“The Marching Morons,” C. M. Kornbluth, 1951 — A real estate agent from the 20th century (John Barlow) is revived in an over-populated, media-suffused future where slogans such as “I’d buy that for a quarter!” are eagerly consumed by the IQ-challenged populace. In the background, futilely attempting to lower the birth rate, is a small group of intellectual elites pretending to be simpletons. “The world seems mad to Barlow until Tinny-Peete [an elite] explains the Problem of Population: Due to a combination of intelligent people not having children and excessive breeding by less intelligent people, the world is full of morons, with the exception of an elite few who work slavishly to keep order.” (Wikipedia)
When he’s not demanding money, Barlow imagines himself in the center of some kind of individual v. society drama: “They’ll get you–mind-reading machines, television eyes everywhere, afraid you’ll tell their slaves about freedom and stuff. They don’t let anybody cross them, like that story I once read.” They use his atavistic penchant for violence, his ability to scam others into buying real estate, and his megalomania to set into motion a scam that will eliminate a large segment of the populace.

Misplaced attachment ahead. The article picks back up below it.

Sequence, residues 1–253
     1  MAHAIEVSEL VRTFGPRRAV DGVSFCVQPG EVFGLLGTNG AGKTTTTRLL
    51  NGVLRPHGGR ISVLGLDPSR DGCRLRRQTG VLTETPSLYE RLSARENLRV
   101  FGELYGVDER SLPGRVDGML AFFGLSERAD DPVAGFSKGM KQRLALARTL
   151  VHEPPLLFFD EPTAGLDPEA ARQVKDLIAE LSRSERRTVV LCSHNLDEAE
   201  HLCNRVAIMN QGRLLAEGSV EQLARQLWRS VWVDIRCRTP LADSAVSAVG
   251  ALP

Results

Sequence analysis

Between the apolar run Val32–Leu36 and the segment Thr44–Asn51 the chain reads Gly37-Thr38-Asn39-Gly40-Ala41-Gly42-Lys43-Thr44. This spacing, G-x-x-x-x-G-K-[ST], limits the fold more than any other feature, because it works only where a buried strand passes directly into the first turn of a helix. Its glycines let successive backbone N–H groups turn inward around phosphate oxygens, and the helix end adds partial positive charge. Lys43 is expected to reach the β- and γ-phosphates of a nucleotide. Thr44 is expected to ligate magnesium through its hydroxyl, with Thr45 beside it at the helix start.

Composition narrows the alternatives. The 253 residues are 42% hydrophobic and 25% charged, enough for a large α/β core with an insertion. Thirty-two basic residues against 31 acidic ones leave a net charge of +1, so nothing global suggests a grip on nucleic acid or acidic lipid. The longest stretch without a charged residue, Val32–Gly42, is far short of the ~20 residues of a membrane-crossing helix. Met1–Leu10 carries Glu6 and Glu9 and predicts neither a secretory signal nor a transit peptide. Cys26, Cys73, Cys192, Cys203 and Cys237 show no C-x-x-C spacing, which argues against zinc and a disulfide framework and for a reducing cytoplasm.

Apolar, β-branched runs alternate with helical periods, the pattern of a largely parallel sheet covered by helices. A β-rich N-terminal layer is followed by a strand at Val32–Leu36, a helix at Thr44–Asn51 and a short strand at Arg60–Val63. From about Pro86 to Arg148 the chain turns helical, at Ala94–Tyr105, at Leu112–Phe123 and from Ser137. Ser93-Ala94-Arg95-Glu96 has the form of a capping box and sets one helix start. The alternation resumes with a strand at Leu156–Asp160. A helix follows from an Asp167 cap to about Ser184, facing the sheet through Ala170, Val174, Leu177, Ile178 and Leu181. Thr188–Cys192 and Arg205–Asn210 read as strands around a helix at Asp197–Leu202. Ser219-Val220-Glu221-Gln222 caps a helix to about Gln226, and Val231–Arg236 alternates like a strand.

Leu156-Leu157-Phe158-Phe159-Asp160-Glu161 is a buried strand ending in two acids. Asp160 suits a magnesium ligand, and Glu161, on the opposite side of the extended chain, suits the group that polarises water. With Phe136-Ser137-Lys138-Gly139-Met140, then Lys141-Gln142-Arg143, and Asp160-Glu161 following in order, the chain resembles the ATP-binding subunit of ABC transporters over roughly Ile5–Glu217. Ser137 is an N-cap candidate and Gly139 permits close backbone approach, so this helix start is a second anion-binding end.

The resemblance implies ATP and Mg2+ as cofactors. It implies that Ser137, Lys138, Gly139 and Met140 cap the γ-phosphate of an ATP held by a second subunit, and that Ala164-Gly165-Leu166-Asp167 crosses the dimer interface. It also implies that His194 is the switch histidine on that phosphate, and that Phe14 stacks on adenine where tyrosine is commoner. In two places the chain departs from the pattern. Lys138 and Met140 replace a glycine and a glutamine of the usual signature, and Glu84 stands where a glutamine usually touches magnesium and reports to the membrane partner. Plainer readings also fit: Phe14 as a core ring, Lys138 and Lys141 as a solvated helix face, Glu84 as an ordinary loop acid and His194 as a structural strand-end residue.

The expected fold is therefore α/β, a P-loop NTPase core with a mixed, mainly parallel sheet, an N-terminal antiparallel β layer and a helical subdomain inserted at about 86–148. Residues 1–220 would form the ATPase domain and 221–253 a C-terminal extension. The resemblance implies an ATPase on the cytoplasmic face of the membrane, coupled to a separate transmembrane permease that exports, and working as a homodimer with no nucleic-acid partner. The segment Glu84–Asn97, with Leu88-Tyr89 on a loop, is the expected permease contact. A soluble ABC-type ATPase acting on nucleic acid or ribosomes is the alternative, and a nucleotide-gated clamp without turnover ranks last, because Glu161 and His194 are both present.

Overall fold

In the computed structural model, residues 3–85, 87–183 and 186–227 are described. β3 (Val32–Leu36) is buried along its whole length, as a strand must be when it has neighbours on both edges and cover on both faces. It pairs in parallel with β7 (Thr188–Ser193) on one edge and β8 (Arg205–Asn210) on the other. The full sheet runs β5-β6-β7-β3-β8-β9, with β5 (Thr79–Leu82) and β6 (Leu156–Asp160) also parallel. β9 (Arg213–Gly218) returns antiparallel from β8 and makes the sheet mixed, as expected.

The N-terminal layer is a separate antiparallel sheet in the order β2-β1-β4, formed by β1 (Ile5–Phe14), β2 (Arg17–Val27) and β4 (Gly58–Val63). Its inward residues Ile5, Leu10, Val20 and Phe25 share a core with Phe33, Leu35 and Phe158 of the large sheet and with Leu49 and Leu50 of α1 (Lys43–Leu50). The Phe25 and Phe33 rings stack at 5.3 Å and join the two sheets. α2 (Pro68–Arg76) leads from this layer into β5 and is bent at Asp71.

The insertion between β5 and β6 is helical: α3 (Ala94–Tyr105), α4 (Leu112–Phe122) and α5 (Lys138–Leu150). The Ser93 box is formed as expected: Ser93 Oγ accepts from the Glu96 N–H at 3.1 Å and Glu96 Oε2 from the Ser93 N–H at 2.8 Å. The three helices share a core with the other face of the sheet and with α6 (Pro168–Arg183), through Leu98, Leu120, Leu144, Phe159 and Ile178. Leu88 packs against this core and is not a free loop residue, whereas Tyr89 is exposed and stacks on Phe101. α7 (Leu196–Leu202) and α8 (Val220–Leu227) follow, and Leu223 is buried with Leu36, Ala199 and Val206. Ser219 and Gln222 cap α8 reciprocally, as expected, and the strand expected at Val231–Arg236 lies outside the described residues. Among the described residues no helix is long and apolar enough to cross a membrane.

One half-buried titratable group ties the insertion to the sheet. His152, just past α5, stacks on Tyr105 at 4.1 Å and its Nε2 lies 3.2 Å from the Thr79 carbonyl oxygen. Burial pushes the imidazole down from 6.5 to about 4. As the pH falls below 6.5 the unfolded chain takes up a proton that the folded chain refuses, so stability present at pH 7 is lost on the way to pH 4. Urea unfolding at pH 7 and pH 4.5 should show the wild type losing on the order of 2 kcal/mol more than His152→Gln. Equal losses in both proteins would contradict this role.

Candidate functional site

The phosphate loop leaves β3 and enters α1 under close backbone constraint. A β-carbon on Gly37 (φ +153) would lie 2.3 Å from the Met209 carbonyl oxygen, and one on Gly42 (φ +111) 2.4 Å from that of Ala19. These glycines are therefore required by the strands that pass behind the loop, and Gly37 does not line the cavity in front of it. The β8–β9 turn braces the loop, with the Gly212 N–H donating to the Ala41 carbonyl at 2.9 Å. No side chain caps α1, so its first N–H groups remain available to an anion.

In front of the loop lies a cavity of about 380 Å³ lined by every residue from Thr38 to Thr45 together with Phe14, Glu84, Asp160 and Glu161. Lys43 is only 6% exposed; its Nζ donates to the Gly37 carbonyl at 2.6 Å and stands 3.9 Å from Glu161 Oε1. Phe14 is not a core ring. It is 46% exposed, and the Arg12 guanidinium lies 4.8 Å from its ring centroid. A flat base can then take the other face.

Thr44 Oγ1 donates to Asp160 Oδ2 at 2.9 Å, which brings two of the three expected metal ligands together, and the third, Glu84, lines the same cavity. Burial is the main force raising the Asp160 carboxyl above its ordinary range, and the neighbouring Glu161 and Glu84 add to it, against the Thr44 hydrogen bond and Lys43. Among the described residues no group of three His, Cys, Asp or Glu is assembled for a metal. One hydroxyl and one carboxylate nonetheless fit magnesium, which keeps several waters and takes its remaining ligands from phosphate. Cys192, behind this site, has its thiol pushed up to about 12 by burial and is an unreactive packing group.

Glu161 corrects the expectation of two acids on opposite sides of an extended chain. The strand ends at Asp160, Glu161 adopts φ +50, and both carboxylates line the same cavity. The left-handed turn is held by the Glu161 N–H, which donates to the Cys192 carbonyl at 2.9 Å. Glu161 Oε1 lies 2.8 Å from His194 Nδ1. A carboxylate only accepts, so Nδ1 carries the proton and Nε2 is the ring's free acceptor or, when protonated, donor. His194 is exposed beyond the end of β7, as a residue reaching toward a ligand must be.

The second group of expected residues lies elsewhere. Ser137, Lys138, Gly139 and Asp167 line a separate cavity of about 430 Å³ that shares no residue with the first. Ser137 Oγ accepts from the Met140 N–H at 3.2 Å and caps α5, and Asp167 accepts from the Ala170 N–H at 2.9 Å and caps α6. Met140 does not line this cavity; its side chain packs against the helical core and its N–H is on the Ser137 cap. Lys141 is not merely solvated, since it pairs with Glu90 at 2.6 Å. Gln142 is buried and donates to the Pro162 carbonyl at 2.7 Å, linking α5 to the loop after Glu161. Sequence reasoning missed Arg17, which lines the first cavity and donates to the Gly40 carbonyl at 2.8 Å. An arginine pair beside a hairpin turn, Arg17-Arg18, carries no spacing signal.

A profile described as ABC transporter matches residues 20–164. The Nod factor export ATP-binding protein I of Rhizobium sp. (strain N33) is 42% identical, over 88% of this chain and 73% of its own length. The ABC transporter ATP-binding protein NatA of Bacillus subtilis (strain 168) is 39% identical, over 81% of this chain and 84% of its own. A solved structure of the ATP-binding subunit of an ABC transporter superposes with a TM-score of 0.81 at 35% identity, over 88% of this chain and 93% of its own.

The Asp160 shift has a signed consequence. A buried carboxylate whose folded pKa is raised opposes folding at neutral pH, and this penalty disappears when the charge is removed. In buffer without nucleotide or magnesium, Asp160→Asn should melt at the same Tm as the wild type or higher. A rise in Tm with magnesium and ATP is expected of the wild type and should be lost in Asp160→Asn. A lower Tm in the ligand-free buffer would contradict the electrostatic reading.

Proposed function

Comments: See Wikipedia for an explanation of the title and it’s connection to the “Marching Chinese” theory. A bit disturbing in its use of a kind of genocide or eugenics. Also interesting for the portrayal of the man’s racism as ignorant and old-fashioned, as one of the elites is of mixed race, and the man refuses to deal with him: “It’s not that I’m prejudiced, you understand. Some of my best friends–” But the elites humor him and move to the next topic. Read in Nightmare Age.
Wikipedia: “In the ‘Introduction’ to The Best of C. M. Kornbluth, Frederik Pohl (Kornbluth’s friend and collaborator) explains some of the inspiration to “The Marching Morons.” The work was written after Pohl suggested that Kornbluth write a follow-up story that focuses on the future presented in the short story The Little Black Bag. In contrast to the “little black bag” arriving in the past from the future, Kornbluth wanted to write about a man arriving in the future from the past. To explain sending a man to the future, Kornbluth borrowed from David Butler’s 1930 science fiction film, Just Imagine, in which a man is struck by lightning, trapped in suspended animation, and reanimated in the future. In The Marching Morons, after the character John Barlow is told how he had been in a state of suspended animation, Barlow mutters, ‘Like that movie.'”
Author: Wikipedia: “Cyril M. Kornbluth (July 2, 1923 – March 21, 1958) was an American science fiction author and a notable member of the Futurians.” Interested readers: “Re-reading Kornbluth” by Robert Silverberg. See also James Sallis’s review of C. M. Kornbluth: The Life and Works of a Science Fiction Visionary (2010) in The Magazine of Fantasy and Science Fiction.